Scientists who studied the brain of a common octopus or Octopus vulgaris found that it is similar to that of a human being (Pic. Courtesy Twitter/@JeremyBRoberts)
Octopuses have been known to be intelligent as compared to several other creatures in their category – invertebrates. And now a new study brings to light one of the reasons for this and that is a specific molecular likeness with the human brain, as per a report in sciencealert.com.
It has been found that among the human beings and the octopuses there is a large number of transposons or ‘jumping genes’ and what makes these genes special is their ability to copy themselves or move around the genome. Significantly, these transposons are vital building blocks for the process of evolution.
During the study, the researchers found in one part of the octopus’s brain transposons that hail from the Long Interspersed Nuclear Elements or LINE family. Incidentally, this region of the brain is devoted to taking care of cognitive abilities. This is the same spot in which they are found in human brains too.
Reacting to this find, Giovanna Ponte, who is a biologist in Italy’s Stazione Zoologica Anton Dohrn research institute said: "I literally jumped on the chair when, under the microscope, I saw a very strong signal of activity of this element in the vertical lobe, the structure of the brain which in the octopus is the seat of learning and cognitive abilities, just like the hippocampus in humans.”
Scientific research done recently has shed light on how in the human brain, the LINE transposons are controlled carefully. It is thought that they play a vital role in memory and learning. This is because they have been found to be very active in the hippocampus – the region from where the processes of learning are controlled.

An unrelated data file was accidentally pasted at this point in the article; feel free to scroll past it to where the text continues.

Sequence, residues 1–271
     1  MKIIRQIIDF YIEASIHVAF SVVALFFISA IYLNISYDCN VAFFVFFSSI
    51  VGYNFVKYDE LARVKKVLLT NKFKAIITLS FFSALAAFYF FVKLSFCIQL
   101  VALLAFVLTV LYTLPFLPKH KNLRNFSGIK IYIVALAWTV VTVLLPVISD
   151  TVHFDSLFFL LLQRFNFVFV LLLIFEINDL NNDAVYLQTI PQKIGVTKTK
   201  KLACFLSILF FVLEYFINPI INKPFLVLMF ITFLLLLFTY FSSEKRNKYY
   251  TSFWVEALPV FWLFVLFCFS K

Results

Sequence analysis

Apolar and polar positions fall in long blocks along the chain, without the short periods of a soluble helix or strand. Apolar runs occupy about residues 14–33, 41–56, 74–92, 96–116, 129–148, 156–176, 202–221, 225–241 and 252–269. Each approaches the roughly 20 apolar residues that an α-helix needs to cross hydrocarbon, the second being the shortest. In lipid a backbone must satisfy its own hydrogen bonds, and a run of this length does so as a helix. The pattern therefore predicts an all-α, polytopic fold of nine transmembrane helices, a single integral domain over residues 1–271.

The jumping genes were found in the same spot in the brain of two species of octopuses. One is the common octopus or Octopus vulgaris and the other is the Californian octopus or Octopus bimaculoides. This the scientists feel is the main reason for the creatures to be highly intelligent.
Going beyond the use of molecular copy-and-paste and cut-and-paste mechanisms, the transposons research suggested has a direct link to the complexity of the nervous system, including the brain. Highlighting this computational genomicist Remo Sanges observed: "The discovery of an element of the LINE family, active in the brain of the two octopuses species, is very significant because it adds support to the idea that these elements have a specific function that goes beyond copy-and-paste.”
Sanges is from Italy’s Scuola Internazionale Superiore di Studi Avanzati research institute.
The scientists feel that this discovery about the octopuses is a case of convergent evolution.
Convergent evolution means the independent development of similar traits in species which are not related and which provide the same adaptation – in this case of superior cognitive abilities.
Octopuses continue to amaze scientists with evolutionary tricks and neurological responses which place them at a pedestal and make them distinctive among the invertebrates. This makes them seem similar to mammals in terms of brain structure and its activities.
Biologist Graziano Fiorito who is from Stazione Zoologica Anton Dohrn remarked: "The brain of the octopus is functionally analogous in many of its characteristics to that of mammals. For this reason, also, the identified LINE element represents a very interesting candidate to study to improve our knowledge on the evolution of intelligence."
Details of this research have appeared in BMC Biology, a biology journal.